Hello and Happy Valentine's! Long time, no write. I've been busy playing around with some lovely locks, and I feel compelled to share---
I am so fortunate to be a part of the Peachtree Handspinners Guild here in the Metro Atlanta area. What a treasure! In addition to great programs, they have fabulous vendors. One of my favorite vendors is Tina Evans of Dry Creek Naturals. Tina's farm has sheep, angora goats, and more, and her fibers are "to dye for"! I love her mohair, but I am particularly enamored of the BFL (Blue Face Leicester) Cormo cross lamb locks that she sells. Last time I saw her at Guild, I purchased half a fleece of these lovely locks. Tina also gave me some advice for cleaning locks. Here's a photo of some of the locks still in the grease--
They are so much fun. They look like little, springy caterpillars, and even in the grease, they feel great. When my gal (who is almost 6) has chappy hands, she goes over and plays with the locks a bit so that the lanolin will rub off on her hands.
These locks are always soft, springy, and well defined. I had purchased similar locks from Tina in the past already cleaned. I used some of these locks years ago for my September 2010
Phatfiber contribution--theme Farmer's Market.
I dyed up the locks in the colors of salad greens and called them "Baby Field Mix." The greens were made using natural indigo overdyed with yellow--dried Weld and Osage orange sawdust. I mordanted with alum and cream of tartar. For the pinky-purple color, I used Brazilwood sawdust. I was trying to make
Not only were these fun to spin, folks used them for wet and needle felting, fleece pictures, to decorate a seasonal table, or
other wool creations. I think that I taught a table puppet class that fall, and one of the parents needle felted locks onto the base of the puppet to make a Lady Spring. I know if you tease the locks out a bit, they make lovely ferns and grasses in fleece pictures. They were so much fun!
When I purchased the half a fleece just before the Winter Holiday break, I had vague ideas of what I wanted to so with this new batch of locks but nothing solid.
My first use for the locks was the January 2013 Phatfiber box--theme, Phativersary. For this box, we recreated contributions from the past. Here's "Tea in the Garden." There are pink locks carded into the base batt and then locks are striped/dragged over the base.
Oh, I love this particular colorway and fiber combination! It was one of my most favorite batts to make. It sort of had a love theme, and as this is Valentine's Day, I will share.
"Come have tea in the garden with me," she beckoned. Tugging at his hand, she pulled him past the high hedge and towards a table already set. Surrounded by the frenzied colors of Springtime and mesmerized by her innocent beauty, he almost forgot to drink.
So, locks are lovely, but they sure are hard to prep. Here are a few step by steps of what I did. First I sorted the locks into manageable bundles that I would be able to hold in my hand.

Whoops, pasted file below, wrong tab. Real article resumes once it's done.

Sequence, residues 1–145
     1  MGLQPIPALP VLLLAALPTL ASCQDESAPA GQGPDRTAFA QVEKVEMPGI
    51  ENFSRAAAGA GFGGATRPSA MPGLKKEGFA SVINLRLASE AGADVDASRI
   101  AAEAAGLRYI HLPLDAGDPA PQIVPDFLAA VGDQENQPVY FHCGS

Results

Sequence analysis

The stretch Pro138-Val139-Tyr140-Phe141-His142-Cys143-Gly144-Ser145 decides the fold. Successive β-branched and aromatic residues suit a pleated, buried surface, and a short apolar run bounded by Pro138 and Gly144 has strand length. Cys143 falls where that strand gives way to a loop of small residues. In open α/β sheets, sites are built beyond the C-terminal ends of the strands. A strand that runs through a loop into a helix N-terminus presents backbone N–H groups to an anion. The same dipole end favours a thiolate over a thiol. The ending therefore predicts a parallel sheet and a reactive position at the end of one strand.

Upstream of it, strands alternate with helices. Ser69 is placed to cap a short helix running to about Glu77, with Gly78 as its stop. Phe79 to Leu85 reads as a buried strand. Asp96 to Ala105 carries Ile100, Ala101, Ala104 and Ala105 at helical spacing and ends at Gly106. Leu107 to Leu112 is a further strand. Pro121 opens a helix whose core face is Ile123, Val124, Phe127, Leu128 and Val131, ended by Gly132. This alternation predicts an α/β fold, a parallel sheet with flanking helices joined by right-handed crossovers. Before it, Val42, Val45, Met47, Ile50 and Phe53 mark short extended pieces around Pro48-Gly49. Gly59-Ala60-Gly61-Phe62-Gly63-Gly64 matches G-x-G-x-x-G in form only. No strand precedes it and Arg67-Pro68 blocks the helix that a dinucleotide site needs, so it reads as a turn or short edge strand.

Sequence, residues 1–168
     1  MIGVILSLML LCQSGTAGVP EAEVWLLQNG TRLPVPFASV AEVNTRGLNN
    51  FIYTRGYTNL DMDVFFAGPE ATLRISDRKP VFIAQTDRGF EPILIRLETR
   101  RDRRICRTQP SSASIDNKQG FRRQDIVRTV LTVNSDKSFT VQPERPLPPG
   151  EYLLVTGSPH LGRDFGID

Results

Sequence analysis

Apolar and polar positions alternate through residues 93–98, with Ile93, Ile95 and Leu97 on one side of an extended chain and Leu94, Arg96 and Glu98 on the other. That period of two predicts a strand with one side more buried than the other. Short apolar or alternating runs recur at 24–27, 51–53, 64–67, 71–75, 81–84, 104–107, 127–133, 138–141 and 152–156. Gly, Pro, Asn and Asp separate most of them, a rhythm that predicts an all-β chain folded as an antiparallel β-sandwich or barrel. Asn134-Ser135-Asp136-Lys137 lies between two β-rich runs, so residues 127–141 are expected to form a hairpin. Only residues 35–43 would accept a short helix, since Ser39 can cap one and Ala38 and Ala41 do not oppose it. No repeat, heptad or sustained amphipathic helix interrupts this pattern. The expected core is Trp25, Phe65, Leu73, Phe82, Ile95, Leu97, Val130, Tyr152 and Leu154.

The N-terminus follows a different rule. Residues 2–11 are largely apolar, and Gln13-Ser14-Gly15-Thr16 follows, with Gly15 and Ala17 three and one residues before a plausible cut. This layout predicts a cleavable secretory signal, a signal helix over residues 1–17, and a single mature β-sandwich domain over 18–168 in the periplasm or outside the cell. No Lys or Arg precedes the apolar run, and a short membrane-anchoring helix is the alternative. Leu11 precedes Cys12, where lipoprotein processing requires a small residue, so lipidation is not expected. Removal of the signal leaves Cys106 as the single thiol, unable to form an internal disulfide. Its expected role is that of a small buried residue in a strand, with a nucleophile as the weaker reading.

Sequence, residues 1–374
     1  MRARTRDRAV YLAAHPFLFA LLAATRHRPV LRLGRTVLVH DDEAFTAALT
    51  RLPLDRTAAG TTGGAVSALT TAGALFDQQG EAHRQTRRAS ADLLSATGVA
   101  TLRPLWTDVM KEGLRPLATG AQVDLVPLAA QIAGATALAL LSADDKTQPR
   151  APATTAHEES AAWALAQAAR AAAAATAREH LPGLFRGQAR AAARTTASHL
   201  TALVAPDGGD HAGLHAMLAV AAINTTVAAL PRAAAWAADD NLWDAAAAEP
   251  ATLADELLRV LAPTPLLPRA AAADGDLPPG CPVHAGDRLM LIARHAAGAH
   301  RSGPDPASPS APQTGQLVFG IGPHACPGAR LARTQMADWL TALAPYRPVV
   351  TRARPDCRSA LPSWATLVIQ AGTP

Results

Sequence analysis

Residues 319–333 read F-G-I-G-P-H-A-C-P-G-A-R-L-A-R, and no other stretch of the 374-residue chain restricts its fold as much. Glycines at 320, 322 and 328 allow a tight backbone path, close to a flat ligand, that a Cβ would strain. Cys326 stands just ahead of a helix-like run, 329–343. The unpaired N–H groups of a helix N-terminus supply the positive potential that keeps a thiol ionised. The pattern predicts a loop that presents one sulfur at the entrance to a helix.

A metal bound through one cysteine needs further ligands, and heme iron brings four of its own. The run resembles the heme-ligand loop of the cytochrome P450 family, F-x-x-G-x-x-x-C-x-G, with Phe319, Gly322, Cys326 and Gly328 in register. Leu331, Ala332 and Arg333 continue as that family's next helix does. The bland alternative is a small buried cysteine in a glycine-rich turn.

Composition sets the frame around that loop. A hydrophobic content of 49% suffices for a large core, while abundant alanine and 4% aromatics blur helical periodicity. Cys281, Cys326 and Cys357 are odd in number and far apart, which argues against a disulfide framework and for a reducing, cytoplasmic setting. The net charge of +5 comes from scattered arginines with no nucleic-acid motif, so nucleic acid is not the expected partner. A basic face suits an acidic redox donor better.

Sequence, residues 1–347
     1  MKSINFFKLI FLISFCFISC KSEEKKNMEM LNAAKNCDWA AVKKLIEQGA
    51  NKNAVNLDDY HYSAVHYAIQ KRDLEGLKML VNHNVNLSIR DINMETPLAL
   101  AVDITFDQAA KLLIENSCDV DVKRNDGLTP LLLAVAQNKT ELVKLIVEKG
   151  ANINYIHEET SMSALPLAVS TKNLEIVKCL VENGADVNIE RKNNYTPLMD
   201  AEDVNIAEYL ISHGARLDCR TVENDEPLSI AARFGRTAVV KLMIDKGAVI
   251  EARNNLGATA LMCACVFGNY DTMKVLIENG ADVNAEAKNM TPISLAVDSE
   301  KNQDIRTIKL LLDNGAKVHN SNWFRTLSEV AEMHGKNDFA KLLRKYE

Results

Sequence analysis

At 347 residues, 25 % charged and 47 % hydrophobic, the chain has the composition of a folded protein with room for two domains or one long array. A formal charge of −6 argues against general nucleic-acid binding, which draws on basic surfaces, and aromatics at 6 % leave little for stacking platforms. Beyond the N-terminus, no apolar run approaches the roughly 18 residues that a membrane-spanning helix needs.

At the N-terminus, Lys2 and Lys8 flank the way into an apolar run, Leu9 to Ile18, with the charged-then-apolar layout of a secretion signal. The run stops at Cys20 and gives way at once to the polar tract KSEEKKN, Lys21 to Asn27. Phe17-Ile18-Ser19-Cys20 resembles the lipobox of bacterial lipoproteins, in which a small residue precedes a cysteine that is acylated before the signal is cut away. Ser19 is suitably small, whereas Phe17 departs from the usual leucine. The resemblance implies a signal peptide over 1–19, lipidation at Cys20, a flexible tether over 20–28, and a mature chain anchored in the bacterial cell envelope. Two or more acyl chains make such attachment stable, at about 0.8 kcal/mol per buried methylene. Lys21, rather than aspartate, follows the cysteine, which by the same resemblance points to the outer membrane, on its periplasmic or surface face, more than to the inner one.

I used the sprayer from the sink to blast (warm-hot) some of the lanolin along with any red Georgia clay dust from the locks. I was stunned that this worked. I think it was Tina Evans who shared that at the yarn mills, they blast the grease out with water.
Here you can really see the difference between the sprayed and unsprayed. The are so white!
I fill my "salad-locks" spinner about a third of the way with locks. That seems to be a manageable amount.
Now for a soak in hot, hot water and my favorite degreaser. Sometimes I will soak them a second time.
After rinsing the locks several times in hot-warm water, I spin them out. All the time, I am handling the locks as little as possible--no squeezing, pouring the locks through the strainer. I might gently flip them over once in a while.
Then they are ready for the mordant pot. I'm using a smaller pot than I usually use for mordanting yarns and fibers. This stainless steel pot has a colander to help with lifting them out later. I had thought it might prevent the locks from sitting in any mordant on the bottom, but I
have had crystallization of the mordant on the locks on the bottom. I will then drain off the mordant bath and do a series of hot water soaks, one or two on the stove, to remove all unbonded traces of mordant. During this process, I will flip the locks (sort of like an omelet) to make sure all of the mordant soaks out. Then they are ready to dye. Oh, I should mention that I try to let them sit overnight in the mordant bath.
The dyeing of this most recent batch of locks was inspired by my Grandma Bartocci. She was very successful at growing African violets. Oh, she had all shades and sorts. She even had a Tupperware container where she put her coffee grounds and egg shells to make a kind of
compost for them. The colors
are shades of green (same as the greens above) and shades of purple--natural indigo overdyed with Brazilwood sawdust. There are a few bits that are just fuchsia from Brazilwood.
I've had so much fun with these locks. I'm not sure what colors I want to do next. I've been under the weather for much of January, but I've been thinking of colorways and inspirations. Spring comes to Georgia around the end of February, and I am looking forward to seeing all the flowers, buds, and beauty that will explode in our little lake community. So Happy Valentine's Day, Y'all! Here is wishing love, light, and beautiful colors in your life!